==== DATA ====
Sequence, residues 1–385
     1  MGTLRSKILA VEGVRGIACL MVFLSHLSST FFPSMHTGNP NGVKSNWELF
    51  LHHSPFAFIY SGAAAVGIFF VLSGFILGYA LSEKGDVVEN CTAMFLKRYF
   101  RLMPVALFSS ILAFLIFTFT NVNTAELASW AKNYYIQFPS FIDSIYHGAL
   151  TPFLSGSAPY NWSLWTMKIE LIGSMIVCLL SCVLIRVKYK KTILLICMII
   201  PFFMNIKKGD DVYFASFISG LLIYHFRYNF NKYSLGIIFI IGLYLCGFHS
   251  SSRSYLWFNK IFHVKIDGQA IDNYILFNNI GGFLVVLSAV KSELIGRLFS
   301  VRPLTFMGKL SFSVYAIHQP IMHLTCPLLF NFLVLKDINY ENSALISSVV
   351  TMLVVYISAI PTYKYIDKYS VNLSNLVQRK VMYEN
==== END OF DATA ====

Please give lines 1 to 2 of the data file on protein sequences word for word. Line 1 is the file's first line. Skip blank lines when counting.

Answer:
Sequence, residues 1–385
     1  MGTLRSKILA VEGVRGIACL MVFLSHLSST FFPSMHTGNP NGVKSNWELF